Are Relationship PTSD And PTRS The Same?

Relationship trauma or PTSD from relationship abuse can look different from your typical PTSD. With PTSD, people often experience flashbacks and intrusive thoughts when they are conscious, returning to a state of alertness. To avoid triggering the distressing memories, you may avoid everything that may remind you of the trauma.

Relationship trauma, however, doesn’t involve avoidance. With PTRS, you may find yourself being aware of your memories and the reminders of the trauma. You don’t exactly avoid the triggers or numb yourself away.

To cope with relationship PTSD, you may talk to others or you may replay the situation, again and again, doubting your actions. In some cases, you may also try to chase away the loneliness by finding a new romantic interest right away.

Of course, other key differences between PTSD and PTRS include:

  • PTSD involves experiencing or witnessing physical harm, such as an injury or death. You can encounter PTRS without physical injury.
  • Symptoms of PTRS include anger and frightfulness toward the abusive partner. Symptoms of PTSD may cause you to experience anger but this isn’t the only symptom.

How Does Relationship PTSD Look Like?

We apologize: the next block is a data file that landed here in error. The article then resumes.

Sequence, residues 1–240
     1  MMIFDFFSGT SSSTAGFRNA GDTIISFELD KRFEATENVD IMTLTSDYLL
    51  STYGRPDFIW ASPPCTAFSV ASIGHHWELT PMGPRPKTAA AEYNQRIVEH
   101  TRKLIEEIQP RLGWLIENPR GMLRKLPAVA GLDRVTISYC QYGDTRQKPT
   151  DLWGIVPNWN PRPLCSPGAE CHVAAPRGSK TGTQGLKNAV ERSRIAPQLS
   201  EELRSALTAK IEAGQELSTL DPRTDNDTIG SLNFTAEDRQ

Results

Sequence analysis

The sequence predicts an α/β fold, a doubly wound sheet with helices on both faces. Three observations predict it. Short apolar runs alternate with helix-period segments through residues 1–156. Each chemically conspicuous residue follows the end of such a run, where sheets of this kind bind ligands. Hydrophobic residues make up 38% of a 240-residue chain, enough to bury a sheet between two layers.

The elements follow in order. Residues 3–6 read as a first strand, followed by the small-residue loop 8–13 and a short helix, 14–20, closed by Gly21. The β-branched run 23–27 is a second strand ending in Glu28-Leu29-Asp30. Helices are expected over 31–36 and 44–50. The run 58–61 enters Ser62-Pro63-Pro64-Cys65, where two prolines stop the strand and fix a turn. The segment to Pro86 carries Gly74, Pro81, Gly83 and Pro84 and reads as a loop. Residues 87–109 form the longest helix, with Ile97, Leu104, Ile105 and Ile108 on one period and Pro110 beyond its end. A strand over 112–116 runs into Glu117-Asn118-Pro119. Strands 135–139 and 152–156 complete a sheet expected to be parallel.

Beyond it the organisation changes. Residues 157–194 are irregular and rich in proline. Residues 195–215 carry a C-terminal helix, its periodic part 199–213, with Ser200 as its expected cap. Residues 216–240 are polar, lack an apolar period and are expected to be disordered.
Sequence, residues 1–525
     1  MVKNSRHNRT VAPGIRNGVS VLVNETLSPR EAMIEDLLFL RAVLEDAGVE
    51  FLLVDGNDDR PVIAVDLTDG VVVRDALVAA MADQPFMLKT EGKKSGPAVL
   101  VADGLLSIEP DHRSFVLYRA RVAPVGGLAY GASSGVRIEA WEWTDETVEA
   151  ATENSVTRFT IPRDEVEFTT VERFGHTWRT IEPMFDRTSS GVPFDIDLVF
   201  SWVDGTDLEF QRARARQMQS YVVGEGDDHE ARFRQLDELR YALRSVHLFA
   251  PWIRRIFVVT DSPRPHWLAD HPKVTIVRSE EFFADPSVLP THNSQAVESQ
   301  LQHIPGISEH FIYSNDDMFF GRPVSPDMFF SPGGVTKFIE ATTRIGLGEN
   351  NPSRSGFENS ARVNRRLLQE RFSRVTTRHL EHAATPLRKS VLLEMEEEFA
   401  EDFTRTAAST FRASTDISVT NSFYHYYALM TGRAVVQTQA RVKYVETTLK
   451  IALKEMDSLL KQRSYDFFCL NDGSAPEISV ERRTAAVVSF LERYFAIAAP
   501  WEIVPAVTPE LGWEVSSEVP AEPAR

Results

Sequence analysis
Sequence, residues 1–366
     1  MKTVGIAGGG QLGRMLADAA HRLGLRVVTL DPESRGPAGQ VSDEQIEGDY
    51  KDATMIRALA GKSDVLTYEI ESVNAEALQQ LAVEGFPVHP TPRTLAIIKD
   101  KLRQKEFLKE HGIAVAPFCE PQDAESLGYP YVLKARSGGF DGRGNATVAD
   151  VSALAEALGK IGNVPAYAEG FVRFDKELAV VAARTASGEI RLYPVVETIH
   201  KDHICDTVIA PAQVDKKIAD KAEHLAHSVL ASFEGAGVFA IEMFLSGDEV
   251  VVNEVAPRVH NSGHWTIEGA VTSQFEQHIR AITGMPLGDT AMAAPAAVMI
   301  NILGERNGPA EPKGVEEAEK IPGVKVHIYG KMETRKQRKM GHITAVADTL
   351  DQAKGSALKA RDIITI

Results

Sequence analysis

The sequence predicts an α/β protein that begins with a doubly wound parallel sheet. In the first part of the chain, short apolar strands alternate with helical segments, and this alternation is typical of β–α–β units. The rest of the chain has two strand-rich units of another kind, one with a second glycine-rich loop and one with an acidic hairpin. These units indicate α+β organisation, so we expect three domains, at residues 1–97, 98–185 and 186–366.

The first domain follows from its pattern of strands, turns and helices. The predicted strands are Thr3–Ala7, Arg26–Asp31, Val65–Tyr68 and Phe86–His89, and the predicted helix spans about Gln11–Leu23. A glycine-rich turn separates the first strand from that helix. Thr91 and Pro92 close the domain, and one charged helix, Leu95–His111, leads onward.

Relationship trauma is a real response to the aftermath of abuse or manipulation in a romantic, intimate relationship. However, it is still unrecognized in the DSM-5.

Some experts conclude that symptoms of relationship trauma may include:

  • Terror, fright, or anger toward the abusive partner
  • Intrusive, arousal, and relational symptoms after abuse

Intrusive symptoms are anything that causes you to re-experience the trauma. This can include:

  • Flashbacks, or re-experiencing the abuse
  • Nightmares
  • Intrusive thoughts or ruminating thoughts
  • Emotional distress when thinking about the abuse
  • Sensations such as pounding heart, shaking, or sweating palms

PTSD triggers in relationships can include hearing a nickname that your abusive partner used before, visiting places you once did with your partner, etc.

Arousal symptoms are what stems from your fear response. This can include:

  • Insomnia and other sleep problems